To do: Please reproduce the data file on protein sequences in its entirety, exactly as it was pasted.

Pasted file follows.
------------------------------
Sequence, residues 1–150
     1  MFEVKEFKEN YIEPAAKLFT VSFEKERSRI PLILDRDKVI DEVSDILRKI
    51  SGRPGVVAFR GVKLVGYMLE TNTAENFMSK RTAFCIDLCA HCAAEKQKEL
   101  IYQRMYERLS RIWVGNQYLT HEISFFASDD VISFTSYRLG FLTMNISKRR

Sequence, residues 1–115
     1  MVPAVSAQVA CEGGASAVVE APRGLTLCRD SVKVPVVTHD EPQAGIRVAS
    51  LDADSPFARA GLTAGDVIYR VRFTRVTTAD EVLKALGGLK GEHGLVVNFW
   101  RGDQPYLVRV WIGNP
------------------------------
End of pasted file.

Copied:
Sequence, residues 1–150
     1  MFEVKEFKEN YIEPAAKLFT VSFEKERSRI PLILDRDKVI DEVSDILRKI
    51  SGRPGVVAFR GVKLVGYMLE TNTAENFMSK RTAFCIDLCA HCAAEKQKEL
   101  IYQRMYERLS RIWVGNQYLT HEISFFASDD VISFTSYRLG FLTMNISKRR

Sequence, residues 1–115
     1  MVPAVSAQVA CEGGASAVVE APRGLTLCRD SVKVPVVTHD EPQAGIRVAS
    51  LDADSPFARA GLTAGDVIYR VRFTRVTTAD EVLKALGGLK GEHGLVVNFW
   101  RGDQPYLVRV WIGNP